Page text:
What Nairn calls the ‘maelstrom’ of generatively unknown possibility that awaits us amidst the dissolution of the United Kingdom is accordingly very inviting, given the impasse of a present political and electoral culture where the UK is staring toward a future of oligarchic one-party rule. I only note that much of this energy is likely to be frustrated if we continue to tie our demands to an underlying attachment to nationhood and national identity. This is a nationalist attachment that consistently bends politics towards its own autonomous imperatives as opposed to it bending towards politics.

Notes:

[1] Gilroy, P. (2004[2000]) Between Camps, Abingdon: Routledge, p.8. 

[2] Fanon, F. (2001[1961]) The Wretched of the Earth, London: Penguin Books, p.125.

[3] Mamdani, M. (2002) ‘Making Sense of Political Violence in Postcolonial Africa’, Identity, Culture and Politics, 3(2), p.5.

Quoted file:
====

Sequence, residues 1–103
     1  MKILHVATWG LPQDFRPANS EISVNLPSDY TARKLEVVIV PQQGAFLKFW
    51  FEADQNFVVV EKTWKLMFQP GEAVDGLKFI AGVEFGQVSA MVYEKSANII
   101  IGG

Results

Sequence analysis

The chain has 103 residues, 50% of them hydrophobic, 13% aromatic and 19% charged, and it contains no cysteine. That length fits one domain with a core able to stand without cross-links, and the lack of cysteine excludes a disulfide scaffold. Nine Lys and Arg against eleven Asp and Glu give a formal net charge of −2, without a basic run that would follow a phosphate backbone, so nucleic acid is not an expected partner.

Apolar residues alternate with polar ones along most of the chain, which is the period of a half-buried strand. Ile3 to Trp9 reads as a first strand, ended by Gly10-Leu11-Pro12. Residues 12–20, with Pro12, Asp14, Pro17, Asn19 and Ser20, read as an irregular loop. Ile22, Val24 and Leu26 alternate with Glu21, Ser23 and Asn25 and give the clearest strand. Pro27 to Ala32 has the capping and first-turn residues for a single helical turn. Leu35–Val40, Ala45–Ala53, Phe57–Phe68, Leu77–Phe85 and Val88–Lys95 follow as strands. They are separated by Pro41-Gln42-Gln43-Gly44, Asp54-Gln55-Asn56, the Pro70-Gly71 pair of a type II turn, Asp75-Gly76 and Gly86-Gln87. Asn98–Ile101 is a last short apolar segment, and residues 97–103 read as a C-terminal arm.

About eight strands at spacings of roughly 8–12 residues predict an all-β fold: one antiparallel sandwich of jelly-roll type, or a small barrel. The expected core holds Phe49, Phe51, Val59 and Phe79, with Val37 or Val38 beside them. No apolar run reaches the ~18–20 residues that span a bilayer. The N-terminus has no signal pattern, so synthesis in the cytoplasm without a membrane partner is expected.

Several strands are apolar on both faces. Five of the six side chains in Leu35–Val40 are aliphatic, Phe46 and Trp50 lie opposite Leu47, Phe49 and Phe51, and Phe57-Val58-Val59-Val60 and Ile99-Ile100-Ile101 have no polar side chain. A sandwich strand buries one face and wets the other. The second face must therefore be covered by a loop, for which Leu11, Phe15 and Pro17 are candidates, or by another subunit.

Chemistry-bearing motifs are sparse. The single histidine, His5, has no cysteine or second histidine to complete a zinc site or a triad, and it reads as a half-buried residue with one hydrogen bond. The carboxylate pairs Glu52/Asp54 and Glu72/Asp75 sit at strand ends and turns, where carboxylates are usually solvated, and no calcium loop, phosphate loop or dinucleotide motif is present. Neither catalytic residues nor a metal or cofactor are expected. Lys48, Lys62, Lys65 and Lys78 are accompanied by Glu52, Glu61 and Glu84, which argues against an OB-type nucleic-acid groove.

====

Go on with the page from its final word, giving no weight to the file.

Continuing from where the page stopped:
[4] Sharma, N. (2020) Home Rule: National Sovereignty and the Separation of Natives and Migrants, Durham, NC: Duke University Press.

[5]  These quotes as well as some of the wider context about Nairn are sourced from Anthony Barnett’s Introduction (‘Tom Nairn is the One’) to the recent reissue of Nairn’s defining classic. Nairn, T. (2021[1977]) The Break-Up of Britain, London: Verso. See also James Foley’s (2021) recent ‘Scotland After Covid-19’.

[6] Read, J. (2004) ‘Writing in the Conjuncture’, Borderlands, 3(1), p.6.

[7] Zhang, C. (2019) ‘Right-wing Populism with Chinese Characteristics’, European Journal of International Relations, 26(1), 88-115.

Sivamohan Valluvan is Assistant Professor of Sociology at the University of Warwick. He is the author of The Clamour of Nationalism (Manchester University Press) and has written widely on debates of race and racism, nationalism and multiculture, as well as postcolonial and social theory more broadly. He has also contributed to Salvage, Red Pepper, Renewal, Juncture, Guardian, and Fabian Review.